This week the WHO recommended widespread use of a malaria vaccine among children in regions with moderate to high transmission of the most virulent malaria parasite, Plasmodium falciparum. Malaria is a major cause of morbidity and mortality in under-5 children in places like sub-Saharan Africa, and this vaccine could save tens of thousands of children’s lives every year.
The RTS,S/AS01 vaccine was piloted with more than 800,000 children in Ghana, Kenya, and Malawi. Trials have found the vaccine to reduce deaths from malaria by up to 30% and to have a favorable safety profile, and people who were vaccinated did not decrease their use of insecticide-treated nets. The distribution of this vaccine should supplement and not replace other anti-malaria efforts.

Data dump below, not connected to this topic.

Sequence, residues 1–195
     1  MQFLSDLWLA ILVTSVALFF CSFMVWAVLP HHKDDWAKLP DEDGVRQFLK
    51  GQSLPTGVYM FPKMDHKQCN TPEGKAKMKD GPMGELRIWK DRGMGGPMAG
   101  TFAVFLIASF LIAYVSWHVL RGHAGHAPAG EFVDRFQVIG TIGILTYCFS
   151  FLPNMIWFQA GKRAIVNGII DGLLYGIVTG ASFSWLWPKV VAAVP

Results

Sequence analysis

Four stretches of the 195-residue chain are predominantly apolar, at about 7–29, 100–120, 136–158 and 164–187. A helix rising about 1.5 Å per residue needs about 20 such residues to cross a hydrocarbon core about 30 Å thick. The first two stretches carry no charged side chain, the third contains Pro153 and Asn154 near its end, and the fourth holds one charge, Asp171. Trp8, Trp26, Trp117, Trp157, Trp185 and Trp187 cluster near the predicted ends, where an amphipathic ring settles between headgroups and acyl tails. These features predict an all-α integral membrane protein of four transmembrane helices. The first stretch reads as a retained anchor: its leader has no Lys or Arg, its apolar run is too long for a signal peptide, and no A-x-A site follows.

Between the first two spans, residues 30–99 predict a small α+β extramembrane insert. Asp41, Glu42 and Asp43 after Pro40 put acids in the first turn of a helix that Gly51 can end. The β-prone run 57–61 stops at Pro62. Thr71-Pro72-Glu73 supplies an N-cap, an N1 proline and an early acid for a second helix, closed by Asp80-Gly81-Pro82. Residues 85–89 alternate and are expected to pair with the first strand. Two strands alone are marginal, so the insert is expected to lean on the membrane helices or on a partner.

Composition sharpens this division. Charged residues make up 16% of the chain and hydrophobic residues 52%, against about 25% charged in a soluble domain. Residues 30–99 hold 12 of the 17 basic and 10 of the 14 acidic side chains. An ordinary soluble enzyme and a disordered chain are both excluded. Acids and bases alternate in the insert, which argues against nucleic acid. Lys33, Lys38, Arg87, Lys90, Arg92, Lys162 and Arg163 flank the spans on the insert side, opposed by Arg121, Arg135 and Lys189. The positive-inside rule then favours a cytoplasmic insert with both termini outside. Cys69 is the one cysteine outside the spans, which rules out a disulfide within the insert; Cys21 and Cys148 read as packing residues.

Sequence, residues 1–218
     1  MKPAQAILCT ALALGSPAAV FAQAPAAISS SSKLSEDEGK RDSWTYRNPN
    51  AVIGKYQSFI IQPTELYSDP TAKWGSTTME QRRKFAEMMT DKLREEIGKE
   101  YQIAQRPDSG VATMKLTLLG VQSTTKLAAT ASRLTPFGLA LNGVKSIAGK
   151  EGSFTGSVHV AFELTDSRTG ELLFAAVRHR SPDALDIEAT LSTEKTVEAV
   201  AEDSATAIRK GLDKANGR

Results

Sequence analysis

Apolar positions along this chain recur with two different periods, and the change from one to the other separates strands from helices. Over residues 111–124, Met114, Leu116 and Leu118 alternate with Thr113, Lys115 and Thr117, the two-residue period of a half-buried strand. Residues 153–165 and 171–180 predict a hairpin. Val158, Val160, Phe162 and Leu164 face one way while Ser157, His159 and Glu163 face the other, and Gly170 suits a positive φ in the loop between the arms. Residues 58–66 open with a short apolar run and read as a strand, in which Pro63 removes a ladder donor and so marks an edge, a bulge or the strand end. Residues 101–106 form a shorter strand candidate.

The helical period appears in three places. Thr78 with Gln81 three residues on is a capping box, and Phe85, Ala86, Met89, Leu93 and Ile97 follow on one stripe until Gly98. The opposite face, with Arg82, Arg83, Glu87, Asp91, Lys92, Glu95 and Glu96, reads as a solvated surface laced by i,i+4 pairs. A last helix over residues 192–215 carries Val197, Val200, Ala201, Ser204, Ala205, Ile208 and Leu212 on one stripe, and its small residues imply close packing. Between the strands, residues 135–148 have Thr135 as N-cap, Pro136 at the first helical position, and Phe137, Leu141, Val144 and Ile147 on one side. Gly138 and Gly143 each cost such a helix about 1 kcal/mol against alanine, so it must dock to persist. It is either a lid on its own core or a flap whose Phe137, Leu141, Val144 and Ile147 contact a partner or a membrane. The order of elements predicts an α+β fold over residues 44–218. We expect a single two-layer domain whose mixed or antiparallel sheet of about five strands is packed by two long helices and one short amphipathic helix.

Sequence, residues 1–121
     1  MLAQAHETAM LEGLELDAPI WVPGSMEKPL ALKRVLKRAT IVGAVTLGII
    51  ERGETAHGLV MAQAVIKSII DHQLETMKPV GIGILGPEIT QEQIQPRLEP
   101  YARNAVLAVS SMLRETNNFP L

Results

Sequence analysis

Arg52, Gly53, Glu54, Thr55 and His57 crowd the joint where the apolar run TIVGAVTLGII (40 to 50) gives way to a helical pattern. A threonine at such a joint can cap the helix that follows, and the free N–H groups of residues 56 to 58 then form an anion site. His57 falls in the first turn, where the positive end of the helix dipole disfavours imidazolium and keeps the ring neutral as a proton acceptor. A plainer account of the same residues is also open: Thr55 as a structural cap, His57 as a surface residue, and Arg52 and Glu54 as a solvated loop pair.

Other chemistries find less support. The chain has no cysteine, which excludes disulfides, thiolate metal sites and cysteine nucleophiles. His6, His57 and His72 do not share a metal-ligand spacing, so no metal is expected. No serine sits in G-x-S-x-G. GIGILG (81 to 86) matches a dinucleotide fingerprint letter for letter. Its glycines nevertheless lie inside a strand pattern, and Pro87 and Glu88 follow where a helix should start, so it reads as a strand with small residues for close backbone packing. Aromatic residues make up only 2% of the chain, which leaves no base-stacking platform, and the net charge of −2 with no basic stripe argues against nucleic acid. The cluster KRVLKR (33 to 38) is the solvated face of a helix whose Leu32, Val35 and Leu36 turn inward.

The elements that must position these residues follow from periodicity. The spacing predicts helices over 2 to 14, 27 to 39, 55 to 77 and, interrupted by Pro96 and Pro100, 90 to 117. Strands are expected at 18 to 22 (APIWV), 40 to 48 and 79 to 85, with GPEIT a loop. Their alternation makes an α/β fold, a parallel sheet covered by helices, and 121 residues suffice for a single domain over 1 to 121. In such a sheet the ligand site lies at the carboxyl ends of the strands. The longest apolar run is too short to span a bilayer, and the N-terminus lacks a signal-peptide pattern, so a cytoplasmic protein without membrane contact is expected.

In North America, malaria occurs chiefly in travelers after they return. Any febrile patient returning from a malaria-endemic country should be evaluated for malaria. To prevent malaria, CDC recommends malaria prophylaxis for those traveling, and the guidelines vary by country and region. If you’re interested in a refresher on the pathology, diagnosis, and treatment of malaria, the CDC’s DPDx – Malaria resource provides a great review.